Get access

Growth and Body Composition of Nile Tilapia, Oreochromis niloticus, Fry Fed Organic Diets Containing Yeast Extract and Soybean Meal as Replacements for Fish Meal, with and without Supplemental Lysine and Methionine

Authors


Corresponding author.

Abstract

Quantities of fish meal (FM) have remained level for the past several decades; however, demand has dramatically increased because of its inclusion in all animal production as a high-quality protein source. Soybean meal (SBM) is the most widely used plant-protein ingredient for replacing various proportions of FM in aquatic animal diets. However, use of SBM as the sole protein source has often resulted in reduced fish growth. There is a growing segment of consumers who desire organically grown seafood, and tilapia is one of the most-cultured fish in the world. As tilapia have herbivorous/omnivorous feeding habits, tilapia fed organic diets may allow producers to enter this rapidly developing market. A feeding experiment was conducted to evaluate the combination of organic SBM and an organic yeast extract (YE) as complete replacements for FM in Nile tilapia, Oreochromis niloticus, fry diets. Nine diets were formulated to contain various percentages of organic YE (0, 15, 30, and 45%) in combination with organic SBM (84–34%) with and without amino acid (methionine and lysine) supplementation.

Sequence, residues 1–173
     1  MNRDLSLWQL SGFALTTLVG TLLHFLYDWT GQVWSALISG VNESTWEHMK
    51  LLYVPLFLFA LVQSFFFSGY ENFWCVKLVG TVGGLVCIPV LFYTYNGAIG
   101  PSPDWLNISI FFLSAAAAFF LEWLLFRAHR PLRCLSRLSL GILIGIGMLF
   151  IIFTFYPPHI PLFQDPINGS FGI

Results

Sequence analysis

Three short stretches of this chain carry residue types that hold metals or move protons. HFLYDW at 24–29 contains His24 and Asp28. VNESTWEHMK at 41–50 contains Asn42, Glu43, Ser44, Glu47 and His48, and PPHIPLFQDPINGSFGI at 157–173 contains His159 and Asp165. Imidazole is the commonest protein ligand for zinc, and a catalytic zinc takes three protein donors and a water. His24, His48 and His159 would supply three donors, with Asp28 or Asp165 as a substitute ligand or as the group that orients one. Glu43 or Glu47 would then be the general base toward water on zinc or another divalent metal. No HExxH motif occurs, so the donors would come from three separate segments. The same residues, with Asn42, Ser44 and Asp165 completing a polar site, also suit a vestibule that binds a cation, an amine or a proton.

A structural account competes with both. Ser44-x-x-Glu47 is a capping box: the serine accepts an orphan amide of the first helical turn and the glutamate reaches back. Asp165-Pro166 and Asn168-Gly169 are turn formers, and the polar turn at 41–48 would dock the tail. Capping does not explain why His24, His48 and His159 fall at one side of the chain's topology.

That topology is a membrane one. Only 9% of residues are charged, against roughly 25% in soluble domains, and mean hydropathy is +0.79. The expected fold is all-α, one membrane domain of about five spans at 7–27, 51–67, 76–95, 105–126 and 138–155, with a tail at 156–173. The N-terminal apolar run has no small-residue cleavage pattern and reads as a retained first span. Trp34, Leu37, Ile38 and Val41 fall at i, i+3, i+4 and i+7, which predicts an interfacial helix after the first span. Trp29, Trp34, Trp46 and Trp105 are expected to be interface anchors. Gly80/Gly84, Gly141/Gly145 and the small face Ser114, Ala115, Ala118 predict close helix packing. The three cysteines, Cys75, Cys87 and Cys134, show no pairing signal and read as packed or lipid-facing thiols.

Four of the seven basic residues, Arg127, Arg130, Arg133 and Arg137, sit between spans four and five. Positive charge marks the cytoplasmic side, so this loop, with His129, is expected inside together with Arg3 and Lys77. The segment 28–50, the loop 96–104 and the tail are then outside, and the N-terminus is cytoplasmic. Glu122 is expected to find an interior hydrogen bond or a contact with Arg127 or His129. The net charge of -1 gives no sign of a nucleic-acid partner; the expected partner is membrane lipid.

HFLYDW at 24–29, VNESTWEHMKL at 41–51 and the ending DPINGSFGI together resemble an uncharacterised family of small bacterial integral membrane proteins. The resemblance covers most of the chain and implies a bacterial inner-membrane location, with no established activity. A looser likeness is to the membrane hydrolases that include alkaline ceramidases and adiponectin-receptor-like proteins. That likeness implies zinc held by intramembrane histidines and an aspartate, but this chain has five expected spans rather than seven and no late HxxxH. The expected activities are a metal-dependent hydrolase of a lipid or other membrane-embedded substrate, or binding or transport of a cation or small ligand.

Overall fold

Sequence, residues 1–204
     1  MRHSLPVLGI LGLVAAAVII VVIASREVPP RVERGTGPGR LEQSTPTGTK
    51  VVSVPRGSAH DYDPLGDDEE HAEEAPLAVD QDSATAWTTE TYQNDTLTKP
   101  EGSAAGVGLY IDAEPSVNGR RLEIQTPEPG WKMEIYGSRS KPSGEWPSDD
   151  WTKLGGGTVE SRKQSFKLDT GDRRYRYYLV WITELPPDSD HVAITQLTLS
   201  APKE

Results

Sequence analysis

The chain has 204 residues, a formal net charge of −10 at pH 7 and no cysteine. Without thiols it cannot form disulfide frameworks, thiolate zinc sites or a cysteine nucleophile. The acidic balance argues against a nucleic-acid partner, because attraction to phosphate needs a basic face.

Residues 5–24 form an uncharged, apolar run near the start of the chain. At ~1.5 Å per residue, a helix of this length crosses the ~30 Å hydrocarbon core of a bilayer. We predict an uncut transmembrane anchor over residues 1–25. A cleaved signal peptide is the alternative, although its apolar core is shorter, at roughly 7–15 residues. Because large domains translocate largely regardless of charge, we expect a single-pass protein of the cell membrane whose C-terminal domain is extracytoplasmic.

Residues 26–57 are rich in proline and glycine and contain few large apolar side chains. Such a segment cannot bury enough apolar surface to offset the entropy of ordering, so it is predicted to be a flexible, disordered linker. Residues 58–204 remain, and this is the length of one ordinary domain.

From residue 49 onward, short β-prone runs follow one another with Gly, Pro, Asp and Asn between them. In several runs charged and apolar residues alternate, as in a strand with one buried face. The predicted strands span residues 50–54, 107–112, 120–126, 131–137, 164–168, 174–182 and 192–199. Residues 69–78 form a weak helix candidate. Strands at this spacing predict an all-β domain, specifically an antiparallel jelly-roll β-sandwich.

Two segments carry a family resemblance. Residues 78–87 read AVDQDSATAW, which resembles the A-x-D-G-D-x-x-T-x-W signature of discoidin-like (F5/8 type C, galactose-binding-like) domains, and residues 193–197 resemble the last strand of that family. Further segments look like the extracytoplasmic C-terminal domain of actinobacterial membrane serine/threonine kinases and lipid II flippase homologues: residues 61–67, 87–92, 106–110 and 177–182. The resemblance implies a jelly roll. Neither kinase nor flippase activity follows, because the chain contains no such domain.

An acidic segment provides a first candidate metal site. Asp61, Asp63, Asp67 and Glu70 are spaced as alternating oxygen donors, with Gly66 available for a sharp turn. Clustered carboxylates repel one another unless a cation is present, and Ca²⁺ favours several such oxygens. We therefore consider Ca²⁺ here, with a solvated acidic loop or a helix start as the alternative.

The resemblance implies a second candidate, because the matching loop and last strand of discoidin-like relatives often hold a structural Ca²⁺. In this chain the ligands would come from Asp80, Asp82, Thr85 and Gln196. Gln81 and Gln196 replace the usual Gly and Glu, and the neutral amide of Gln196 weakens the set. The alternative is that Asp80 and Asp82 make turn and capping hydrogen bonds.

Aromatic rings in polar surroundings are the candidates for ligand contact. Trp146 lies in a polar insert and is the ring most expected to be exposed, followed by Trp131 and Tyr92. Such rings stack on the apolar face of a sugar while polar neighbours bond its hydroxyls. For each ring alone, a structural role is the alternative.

At the conclusion of the study, fry fed a control diet containing 20% FM and fry fed a diet containing 45% YE/36%SBM with amino acid supplementation showed no significant differences (P > 0.05) in final weight, weight gain, and specific growth rate (SGR) compared to those fed all other diets. On the basis of these data, an organic diet which replaces FM with a combination of SBM and YE with added methionine and lysine is commercially feasible and further investigation into the increased use of these two ingredients as protein sources in aquaculture diets is warranted.

Ancillary